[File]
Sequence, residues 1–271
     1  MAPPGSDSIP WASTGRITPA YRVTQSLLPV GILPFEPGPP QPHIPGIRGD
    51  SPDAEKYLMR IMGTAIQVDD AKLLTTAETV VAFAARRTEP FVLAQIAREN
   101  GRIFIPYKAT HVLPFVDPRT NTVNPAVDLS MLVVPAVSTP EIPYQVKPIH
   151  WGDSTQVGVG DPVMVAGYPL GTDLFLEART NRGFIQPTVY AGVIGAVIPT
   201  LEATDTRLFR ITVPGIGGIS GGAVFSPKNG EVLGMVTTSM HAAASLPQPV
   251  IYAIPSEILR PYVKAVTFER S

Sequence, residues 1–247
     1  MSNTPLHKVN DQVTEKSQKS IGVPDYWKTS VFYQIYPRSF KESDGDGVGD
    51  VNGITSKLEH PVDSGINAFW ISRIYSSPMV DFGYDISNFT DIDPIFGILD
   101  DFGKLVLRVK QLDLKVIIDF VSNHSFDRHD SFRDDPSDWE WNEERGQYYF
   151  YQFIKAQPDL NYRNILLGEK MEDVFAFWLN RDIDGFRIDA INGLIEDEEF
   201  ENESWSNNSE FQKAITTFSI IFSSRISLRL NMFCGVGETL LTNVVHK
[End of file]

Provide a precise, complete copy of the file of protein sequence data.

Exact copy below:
Sequence, residues 1–271
     1  MAPPGSDSIP WASTGRITPA YRVTQSLLPV GILPFEPGPP QPHIPGIRGD
    51  SPDAEKYLMR IMGTAIQVDD AKLLTTAETV VAFAARRTEP FVLAQIAREN
   101  GRIFIPYKAT HVLPFVDPRT NTVNPAVDLS MLVVPAVSTP EIPYQVKPIH
   151  WGDSTQVGVG DPVMVAGYPL GTDLFLEART NRGFIQPTVY AGVIGAVIPT
   201  LEATDTRLFR ITVPGIGGIS GGAVFSPKNG EVLGMVTTSM HAAASLPQPV
   251  IYAIPSEILR PYVKAVTFER S

Sequence, residues 1–247
     1  MSNTPLHKVN DQVTEKSQKS IGVPDYWKTS VFYQIYPRSF KESDGDGVGD
    51  VNGITSKLEH PVDSGINAFW ISRIYSSPMV DFGYDISNFT DIDPIFGILD
   101  DFGKLVLRVK QLDLKVIIDF VSNHSFDRHD SFRDDPSDWE WNEERGQYYF
   151  YQFIKAQPDL NYRNILLGEK MEDVFAFWLN RDIDGFRIDA INGLIEDEEF
   201  ENESWSNNSE FQKAITTFSI IFSSRISLRL NMFCGVGETL LTNVVHK